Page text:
Immortalization of precursor cells from the mammalian CNS

Neuron. 1988 Aug;1(6):439-48. doi: 10.1016/0896-6273(88)90175-4.


Recent studies show that the nervous system contains many molecularly distinct cell types. Clonal cell marking experiments demonstrate that different cell types in some areas of the CNS are products of a multipotential stem cell. The factors controlling the differentiation of vertebrate CNS precursor cells would be more accessible to molecular analysis if cell lines with precursor properties could be established. Here we show that cell lines expressing an antigenic marker specific for a major brain precursor cell population can be established from rat cerebellum. We demonstrate that cell lines express the precursor, neuronal or glial properties depending on the growth conditions. This work supports the view that brain precursor cells expressing the marker Rat 401 are multipotential and can differentiate into cells with either neuronal or glial properties. Cell lines capable of differentiation should be useful in defining the signaling systems generating the cell types of the brain.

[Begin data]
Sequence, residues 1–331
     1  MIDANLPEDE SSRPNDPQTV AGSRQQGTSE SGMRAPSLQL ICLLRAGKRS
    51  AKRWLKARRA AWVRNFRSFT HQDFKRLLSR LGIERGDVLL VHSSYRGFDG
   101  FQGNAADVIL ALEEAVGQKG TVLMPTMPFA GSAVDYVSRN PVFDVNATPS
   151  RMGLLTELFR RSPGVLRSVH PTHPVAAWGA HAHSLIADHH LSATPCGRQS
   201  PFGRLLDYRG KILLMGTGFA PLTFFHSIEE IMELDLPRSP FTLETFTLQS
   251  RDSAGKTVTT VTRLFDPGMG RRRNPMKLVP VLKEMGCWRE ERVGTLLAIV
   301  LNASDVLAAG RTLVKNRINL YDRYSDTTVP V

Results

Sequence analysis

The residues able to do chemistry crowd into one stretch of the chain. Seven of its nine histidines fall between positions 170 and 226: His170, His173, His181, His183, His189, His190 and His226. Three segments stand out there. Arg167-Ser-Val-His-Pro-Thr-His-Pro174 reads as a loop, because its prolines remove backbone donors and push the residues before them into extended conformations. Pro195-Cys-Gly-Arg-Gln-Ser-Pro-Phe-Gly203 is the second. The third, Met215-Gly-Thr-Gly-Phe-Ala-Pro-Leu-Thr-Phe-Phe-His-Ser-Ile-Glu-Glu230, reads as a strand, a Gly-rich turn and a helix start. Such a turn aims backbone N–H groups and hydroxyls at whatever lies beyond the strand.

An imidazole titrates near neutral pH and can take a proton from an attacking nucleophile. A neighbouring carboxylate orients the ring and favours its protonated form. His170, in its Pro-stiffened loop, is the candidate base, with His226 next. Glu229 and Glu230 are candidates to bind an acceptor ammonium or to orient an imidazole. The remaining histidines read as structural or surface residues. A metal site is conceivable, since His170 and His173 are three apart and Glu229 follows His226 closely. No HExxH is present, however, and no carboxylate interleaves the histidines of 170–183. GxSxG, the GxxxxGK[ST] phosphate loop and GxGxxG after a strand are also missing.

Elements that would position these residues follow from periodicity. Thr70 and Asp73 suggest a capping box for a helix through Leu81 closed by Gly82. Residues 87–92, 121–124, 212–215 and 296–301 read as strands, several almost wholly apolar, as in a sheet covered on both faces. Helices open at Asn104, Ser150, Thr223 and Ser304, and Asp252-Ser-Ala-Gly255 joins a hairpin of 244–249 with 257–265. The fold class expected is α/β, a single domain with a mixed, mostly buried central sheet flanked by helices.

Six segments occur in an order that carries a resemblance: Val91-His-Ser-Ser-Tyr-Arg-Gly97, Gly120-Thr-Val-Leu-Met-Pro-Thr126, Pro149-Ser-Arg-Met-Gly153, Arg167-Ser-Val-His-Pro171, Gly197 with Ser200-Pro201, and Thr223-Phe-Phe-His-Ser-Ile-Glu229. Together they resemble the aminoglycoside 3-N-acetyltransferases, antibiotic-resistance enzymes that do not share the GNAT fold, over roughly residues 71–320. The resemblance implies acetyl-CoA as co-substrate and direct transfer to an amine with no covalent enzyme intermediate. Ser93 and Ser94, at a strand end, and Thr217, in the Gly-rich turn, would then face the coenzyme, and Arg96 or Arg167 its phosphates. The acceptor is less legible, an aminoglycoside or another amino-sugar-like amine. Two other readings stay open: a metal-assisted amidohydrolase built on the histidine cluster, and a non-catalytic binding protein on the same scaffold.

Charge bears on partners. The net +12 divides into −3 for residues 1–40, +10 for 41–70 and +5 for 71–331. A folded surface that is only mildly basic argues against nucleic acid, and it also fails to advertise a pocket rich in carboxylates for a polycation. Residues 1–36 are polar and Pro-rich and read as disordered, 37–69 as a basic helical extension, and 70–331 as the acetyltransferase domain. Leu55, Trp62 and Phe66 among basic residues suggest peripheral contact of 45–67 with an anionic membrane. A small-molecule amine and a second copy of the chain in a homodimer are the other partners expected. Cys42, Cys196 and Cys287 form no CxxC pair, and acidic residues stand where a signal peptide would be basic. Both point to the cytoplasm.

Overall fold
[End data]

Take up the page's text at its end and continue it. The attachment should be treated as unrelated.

Publication types

  • Research Support, Non-U.S. Gov't
  • Research Support, U.S. Gov't, P.H.S.

MeSH terms

  • Animals
  • Antibodies
  • Cell Differentiation
  • Cell Division
  • Cell Line
  • Cell Transformation, Viral
  • Cells, Cultured
  • Cerebellum / cytology*
  • Clone Cells
  • Culture Techniques / methods
  • Glial Fibrillary Acidic Protein / analysis
  • Mice
  • Neuroglia / cytology*
  • Neurons / cytology*
  • Oncogenes
  • Rats
  • Rats, Inbred Strains
  • Simian virus 40 / genetics
  • Vimentin / analysis


  • Antibodies
  • Glial Fibrillary Acidic Protein
  • Vimentin